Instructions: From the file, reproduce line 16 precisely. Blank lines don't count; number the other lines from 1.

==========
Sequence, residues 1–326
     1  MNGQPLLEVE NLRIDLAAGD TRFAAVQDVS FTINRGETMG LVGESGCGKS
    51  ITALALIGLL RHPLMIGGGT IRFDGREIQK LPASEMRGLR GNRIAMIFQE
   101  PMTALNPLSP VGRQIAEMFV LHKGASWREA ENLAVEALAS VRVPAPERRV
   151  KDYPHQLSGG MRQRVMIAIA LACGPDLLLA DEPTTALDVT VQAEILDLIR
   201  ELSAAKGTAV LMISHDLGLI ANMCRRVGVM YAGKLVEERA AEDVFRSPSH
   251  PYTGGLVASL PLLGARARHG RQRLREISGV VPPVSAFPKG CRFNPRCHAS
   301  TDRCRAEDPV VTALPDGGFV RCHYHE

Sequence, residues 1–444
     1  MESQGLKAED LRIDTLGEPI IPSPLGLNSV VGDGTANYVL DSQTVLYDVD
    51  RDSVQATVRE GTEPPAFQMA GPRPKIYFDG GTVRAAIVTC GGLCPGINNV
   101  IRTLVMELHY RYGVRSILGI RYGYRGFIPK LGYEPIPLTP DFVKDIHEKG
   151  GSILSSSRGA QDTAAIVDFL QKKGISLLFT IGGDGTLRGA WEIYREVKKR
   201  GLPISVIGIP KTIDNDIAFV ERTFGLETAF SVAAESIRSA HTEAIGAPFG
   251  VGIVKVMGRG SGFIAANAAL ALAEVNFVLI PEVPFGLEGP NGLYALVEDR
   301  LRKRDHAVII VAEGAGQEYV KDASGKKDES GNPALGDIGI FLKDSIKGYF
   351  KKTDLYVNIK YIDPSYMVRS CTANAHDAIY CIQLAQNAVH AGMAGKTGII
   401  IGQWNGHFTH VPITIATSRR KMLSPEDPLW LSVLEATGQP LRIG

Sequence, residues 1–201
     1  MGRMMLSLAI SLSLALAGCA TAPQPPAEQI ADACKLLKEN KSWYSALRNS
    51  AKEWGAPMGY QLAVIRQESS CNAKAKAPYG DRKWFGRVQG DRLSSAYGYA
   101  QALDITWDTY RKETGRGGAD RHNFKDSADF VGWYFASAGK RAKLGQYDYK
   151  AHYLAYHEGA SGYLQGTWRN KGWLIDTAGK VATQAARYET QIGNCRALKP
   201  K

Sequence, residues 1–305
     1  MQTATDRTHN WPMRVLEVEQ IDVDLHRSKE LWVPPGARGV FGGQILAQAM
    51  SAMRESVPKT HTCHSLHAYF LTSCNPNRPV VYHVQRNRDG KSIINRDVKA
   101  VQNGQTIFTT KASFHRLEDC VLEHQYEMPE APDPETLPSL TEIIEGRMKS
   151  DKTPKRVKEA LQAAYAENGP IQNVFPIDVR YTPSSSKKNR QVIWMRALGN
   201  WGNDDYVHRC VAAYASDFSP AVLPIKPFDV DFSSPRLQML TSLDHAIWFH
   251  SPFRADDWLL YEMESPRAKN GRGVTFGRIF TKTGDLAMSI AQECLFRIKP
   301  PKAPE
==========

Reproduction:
   301  LRKRDHAVII VAEGAGQEYV KDASGKKDES GNPALGDIGI FLKDSIKGYF